Modified Mustangs & FordsFeatured Vehicles
1961 Ford Station Wagon - Distinctly Different
Station Wagons Make Unique Restomods
When you hear the phrase, "Look at that car go," you don't expect the word "space" to follow, as in "Look at that cargo space."
That's just one element of the package that makes Bill Cromling's car get attention. The Grafton, Ohio, resident has put together the real deal.
This car was spotted as part of the "Revvin" with Ford" display at the '01 Woodward Dream Cruise. It was surrounded by concours-quality cars of all types, but there were no station wagons within blocks. It drew looks from everyone.
"This car gets a lot of attention by baby boomers who had wagon experiences growing up," says Bill. "Same thing for those who remember the early NHRA Super Stock factory teams that were given wagons for tow vehicles."
Your first reaction is, "What?" Admit it. You don't expect to see a station wagon in a show field. The body style gets your attention; the color holds it.
The car was painted in Sherwin-Williams hues. Bill chose Ford's Harvest Gold Metallic as the body color. To go topside, the roof needed a darker blend, and Copper Brown Metallic gets the job done, even if the color comes from the GM catalog.
Before this machine could get to the eye-opening state of today, there was plenty of work to be done. It was shipped from the factory to Brewster, Ohio, a small community with a heavy Amish population. The owner kept the vehicle through a move to Florida and then a return to Ohio. Bill purchased the car in the fall of 1999, spotting the ride in a local auto sales magazine. It was rust free, but the engine was tired and needed to be replaced.
"With the help of my son Jon, we removed the engine and delivered it to PC Automotive in Oberlin, Ohio, for a complete rebuild," remembers Bill. "They added an Edelbrock Performer cam and manifold, and bored it .030-over."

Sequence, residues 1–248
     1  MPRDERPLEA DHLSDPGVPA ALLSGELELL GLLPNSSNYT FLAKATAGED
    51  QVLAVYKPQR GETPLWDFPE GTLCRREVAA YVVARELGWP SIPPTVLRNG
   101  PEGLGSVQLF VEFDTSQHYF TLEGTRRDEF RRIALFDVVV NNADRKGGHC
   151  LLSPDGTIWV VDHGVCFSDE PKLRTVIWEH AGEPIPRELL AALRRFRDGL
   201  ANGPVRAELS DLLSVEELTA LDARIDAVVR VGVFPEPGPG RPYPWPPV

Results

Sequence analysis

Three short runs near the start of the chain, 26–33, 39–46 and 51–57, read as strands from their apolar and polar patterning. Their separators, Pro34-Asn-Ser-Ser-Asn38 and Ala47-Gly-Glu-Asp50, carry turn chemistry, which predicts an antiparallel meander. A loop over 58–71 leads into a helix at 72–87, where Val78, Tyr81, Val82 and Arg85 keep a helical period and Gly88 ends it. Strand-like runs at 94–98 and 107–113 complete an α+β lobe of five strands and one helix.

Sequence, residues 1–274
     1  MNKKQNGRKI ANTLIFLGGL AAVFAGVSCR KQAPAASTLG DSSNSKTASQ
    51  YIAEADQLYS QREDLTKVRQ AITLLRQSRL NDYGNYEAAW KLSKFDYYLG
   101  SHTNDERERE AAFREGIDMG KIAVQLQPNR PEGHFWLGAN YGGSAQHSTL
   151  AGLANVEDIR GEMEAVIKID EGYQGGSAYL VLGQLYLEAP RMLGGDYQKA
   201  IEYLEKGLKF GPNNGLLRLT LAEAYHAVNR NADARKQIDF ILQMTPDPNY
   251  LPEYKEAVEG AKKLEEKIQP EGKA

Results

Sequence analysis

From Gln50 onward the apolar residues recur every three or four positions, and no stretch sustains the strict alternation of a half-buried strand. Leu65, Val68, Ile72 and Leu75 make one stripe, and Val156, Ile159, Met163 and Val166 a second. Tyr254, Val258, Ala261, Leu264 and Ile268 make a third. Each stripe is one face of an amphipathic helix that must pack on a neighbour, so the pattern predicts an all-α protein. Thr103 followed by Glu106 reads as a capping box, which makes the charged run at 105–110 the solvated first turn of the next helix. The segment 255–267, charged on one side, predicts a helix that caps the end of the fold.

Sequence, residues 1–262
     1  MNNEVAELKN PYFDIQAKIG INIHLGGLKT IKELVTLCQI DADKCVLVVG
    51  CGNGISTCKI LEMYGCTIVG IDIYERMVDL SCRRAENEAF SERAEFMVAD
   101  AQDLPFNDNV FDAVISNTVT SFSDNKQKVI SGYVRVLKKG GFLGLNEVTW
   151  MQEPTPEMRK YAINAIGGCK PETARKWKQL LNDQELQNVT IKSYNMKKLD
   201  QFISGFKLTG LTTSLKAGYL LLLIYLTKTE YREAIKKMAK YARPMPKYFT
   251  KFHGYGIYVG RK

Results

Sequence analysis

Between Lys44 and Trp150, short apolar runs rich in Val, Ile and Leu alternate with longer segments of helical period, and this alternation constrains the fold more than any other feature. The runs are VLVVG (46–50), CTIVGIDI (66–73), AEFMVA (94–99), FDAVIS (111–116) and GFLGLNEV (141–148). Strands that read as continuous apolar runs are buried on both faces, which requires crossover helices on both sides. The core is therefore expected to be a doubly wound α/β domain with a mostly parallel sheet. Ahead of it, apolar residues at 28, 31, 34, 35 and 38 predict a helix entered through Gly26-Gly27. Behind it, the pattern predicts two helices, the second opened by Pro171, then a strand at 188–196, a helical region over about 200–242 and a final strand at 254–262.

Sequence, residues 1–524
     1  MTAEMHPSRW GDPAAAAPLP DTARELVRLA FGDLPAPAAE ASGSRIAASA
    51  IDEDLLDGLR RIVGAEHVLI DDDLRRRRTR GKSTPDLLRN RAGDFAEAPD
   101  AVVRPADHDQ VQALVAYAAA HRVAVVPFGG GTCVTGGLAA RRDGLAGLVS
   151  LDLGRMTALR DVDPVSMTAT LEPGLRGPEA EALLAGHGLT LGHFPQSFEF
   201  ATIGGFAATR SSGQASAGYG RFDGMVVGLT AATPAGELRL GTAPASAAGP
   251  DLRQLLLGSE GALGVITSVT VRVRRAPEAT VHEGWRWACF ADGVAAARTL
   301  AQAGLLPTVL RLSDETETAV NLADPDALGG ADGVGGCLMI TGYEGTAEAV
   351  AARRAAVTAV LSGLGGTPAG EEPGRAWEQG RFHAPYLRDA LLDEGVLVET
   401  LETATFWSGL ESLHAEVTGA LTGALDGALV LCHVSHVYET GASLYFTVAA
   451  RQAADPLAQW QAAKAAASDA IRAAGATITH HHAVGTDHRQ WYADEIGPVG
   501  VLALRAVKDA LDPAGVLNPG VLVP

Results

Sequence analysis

While the work was being done to the engine, the body wasn't sitting. The car was disassembled and soda-blasted. A friend from church, Bob Bricker, prepped the car for the paint shop, working very meticulously on the long roof. North Coast Collision Center of North Ridgeville, Ohio, handled the paintwork.
All the trim, rubber parts, switches, and lights came from Greg Donahue Restorations. The interior work (the area often ruined in station wagons, thanks to rambunctious kids guilty as charged) used the expertise of Paletta's Auto Trim in North Olmsted, Ohio. Their work included designed door panels and seat patterns, with Bill's chosen colors accenting the exterior nicely.
While the car has a positive present, the future holds excitement for Bill and the rest of us. Plans include replacing the 352 engine with a big-block 460, a C4 transmission to supplant the existing Cruise-O-Matic, and stepping up to a 3.50 gear (currently 3.00). Power disc brakes, air-ride suspension, and a new air-conditioning unit are on the wish list. And that cargo area? It's an important factor.
"My wife Maureen and I have enjoyed the driving experience with its comfortable ride. The huge cargo area is handy for those unexpected purchases she seems to find on our trips," Bill says.
That cargo space will come in handy for hauling home the trophies, too. This car will be bringing its share back to Ohio.